Strapping, fearless adventurer: Check
British accent: Check
Dangerous wild animals: Check
Gratuitous skydiving : Check
Beat-the-clock deadlines: Check
Animal Planet’s got an instant hit on their hands, right?
“This is not a stunt,” boasts the channel’s newest dandy before leaping from a plane 4,000 feet above some exotic locale. “This is my job.”
The non-stunt strikes a familiar chord to regular Discovery network viewers. No, this skydiving adventurer isn’t Bear Grylls, though the resemblance to the Man vs. Wild concept couldn’t seem more deliberate.
Our hero this time is herpetologist and self-described adrenaline junky Donald Schultz. The show: Wild Recon, the latest in the network’s overkill lineup of danger-laced edu-tainment series. The mission: to save the animals—and by extension, the humans who might benefit from the study of venom. A noble goal.
From Discovery Communications’ press release:
Tearing his way through thick jungle undergrowth or clinging to rock ledges, Donald stops at nothing to complete his mission — getting viable bio-samples out of remote locations to research institutions or zoos – and it’s a race against the clock because the samples are so fragile. But before his precious cargo can be delivered, Donald will have to make it out alive.
Exciting, eh? Maybe if it been done, say, a decade ago. Or if it had the slightest trace of originality.
Ultimately, Wild Recon comes off as a superficial rip-off of the Crocodile Hunter, Man vs. Wild, and Nickelodeon’s Go, Diego, Go. It’s as if the producers couldn’t decide which format to adopt, so they tried to tackle them all. Schultz seems like a truly cool guy, but he’s being shoved into niches that have already been filled by more genuine personalities. (Except for Diego. I hate Diego.)
Apparently, the only way for Schultz to get to his destinations is by jumping out of a plane. Because how else can adventuring herpetologists get to these remote places? Never mind that Schultz’s crew is waiting for him in the drop zone, having driven there in trucks full of equipment over pretty navigable roads.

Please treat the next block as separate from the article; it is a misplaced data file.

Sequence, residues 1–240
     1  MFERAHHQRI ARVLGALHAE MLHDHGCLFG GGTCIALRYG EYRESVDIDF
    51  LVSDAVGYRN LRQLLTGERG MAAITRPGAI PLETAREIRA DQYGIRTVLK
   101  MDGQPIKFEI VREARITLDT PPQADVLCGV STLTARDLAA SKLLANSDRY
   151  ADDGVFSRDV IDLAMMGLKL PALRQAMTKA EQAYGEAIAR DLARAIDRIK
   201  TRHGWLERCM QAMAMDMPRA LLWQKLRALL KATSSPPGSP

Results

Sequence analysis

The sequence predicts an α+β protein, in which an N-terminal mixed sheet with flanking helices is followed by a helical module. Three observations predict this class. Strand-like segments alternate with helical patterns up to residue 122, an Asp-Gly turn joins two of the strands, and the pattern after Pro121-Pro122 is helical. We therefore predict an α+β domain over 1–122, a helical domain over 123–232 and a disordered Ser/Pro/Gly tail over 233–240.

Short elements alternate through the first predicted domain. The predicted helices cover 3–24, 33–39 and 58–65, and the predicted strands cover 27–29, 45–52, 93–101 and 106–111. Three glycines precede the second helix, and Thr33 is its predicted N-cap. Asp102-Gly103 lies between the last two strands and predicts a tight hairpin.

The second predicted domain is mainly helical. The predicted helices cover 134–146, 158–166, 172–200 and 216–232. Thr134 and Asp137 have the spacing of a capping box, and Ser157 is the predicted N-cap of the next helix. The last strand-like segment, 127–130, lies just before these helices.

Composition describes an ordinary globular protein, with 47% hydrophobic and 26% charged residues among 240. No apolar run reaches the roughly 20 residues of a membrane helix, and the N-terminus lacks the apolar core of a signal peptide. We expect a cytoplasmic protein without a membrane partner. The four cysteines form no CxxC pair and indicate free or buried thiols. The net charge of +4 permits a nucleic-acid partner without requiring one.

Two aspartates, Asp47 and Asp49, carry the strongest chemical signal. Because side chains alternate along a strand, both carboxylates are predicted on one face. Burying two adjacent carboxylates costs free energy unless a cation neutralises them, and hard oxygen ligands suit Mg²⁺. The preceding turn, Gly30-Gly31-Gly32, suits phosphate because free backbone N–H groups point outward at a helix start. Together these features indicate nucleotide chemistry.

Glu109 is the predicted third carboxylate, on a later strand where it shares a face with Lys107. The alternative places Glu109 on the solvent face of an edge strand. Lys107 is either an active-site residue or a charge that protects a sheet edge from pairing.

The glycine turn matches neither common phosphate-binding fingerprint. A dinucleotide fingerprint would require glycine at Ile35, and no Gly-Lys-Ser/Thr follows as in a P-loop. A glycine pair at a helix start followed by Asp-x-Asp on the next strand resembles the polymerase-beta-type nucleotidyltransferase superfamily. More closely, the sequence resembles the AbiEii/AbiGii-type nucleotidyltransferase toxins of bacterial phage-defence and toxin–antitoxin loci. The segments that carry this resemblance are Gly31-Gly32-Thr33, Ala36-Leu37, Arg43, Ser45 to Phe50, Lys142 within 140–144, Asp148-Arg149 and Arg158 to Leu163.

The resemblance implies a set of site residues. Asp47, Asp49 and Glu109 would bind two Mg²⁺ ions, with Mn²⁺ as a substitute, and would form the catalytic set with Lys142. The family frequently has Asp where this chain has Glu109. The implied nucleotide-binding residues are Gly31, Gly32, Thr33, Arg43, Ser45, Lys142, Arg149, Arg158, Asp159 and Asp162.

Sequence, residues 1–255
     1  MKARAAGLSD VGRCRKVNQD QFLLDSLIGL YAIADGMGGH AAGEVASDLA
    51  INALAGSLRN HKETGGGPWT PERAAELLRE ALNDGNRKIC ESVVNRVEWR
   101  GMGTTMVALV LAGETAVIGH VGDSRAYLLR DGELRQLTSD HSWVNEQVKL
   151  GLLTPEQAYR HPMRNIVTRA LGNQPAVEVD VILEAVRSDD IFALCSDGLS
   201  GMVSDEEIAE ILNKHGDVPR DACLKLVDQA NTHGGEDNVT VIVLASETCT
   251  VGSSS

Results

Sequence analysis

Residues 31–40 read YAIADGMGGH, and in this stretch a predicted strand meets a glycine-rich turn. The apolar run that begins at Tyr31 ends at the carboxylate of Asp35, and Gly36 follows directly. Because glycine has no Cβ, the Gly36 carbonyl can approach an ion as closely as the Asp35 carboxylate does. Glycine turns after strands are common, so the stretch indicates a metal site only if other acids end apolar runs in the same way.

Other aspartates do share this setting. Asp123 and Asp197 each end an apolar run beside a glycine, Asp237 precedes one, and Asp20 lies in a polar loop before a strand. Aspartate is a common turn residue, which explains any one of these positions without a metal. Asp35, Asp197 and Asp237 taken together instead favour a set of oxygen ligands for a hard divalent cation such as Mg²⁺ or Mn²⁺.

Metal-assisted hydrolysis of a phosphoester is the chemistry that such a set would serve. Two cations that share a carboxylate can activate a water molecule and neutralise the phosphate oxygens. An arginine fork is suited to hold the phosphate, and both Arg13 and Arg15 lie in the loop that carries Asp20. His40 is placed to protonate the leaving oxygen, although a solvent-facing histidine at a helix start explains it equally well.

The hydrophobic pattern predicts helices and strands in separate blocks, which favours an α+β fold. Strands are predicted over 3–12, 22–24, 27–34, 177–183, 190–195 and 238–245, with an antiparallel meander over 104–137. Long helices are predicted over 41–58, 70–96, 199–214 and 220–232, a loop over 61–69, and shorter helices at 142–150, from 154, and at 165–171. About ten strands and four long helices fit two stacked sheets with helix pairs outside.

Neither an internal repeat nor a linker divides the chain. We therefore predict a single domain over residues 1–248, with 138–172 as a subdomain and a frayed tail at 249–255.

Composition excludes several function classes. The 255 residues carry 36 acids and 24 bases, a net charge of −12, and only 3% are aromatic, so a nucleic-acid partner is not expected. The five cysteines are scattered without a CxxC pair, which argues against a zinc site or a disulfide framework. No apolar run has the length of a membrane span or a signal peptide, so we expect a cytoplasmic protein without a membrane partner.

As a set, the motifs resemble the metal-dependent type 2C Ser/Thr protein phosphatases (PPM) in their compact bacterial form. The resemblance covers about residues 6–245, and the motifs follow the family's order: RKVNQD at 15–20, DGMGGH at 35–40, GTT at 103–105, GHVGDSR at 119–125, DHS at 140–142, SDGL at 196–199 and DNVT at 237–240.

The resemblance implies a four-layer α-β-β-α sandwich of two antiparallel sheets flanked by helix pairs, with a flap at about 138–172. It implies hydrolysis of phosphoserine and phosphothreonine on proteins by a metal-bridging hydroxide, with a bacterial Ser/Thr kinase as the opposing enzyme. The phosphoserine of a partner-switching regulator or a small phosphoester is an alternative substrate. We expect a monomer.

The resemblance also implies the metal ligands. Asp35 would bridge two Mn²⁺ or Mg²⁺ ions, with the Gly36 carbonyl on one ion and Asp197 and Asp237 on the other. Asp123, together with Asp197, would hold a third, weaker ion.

Now that he’s made his grand entrance, Schultz can then drive solo to wherever the snakes are. From there, it’s your typical Corwin-esque Animal Planet fare. As the New York Times aptly puts it,
We learn assorted factoids that only a few of us are ever likely to use, like, “The best place to grab a kangaroo is by the tail.” We learn that many of Australia’s native species are in jeopardy because in the 1930s the cane toad, which secretes a toxin fatal to predators, was introduced from Hawaii as an ill-advised pest-control method.
What we don’t learn is why Mr. Schultz and those like him on other dangerous-animal shows have such an aversion to taking obvious precautions. If you were trying to grab a venomous lace monitor, a type of lizard, wouldn’t you put on gloves, or at least roll your shirt sleeves down? Someone cleaning a McDonald’s restroom wears more protective gear than this guy.
I’m not mocking Schultzy. Dude’s obviously tough and well intended. It’s just that in attempting to channel these other shows, Wild Recon becomes a parody of them. These days, Discovery turns chaps like this out as quickly as Disney spawns its teen-aged tarts.
If Schultz wants to be remembered as anything but a Bear Grylls/Steve Irwin wannabe, we need to see what sets him apart from them, not how well he can imitate them.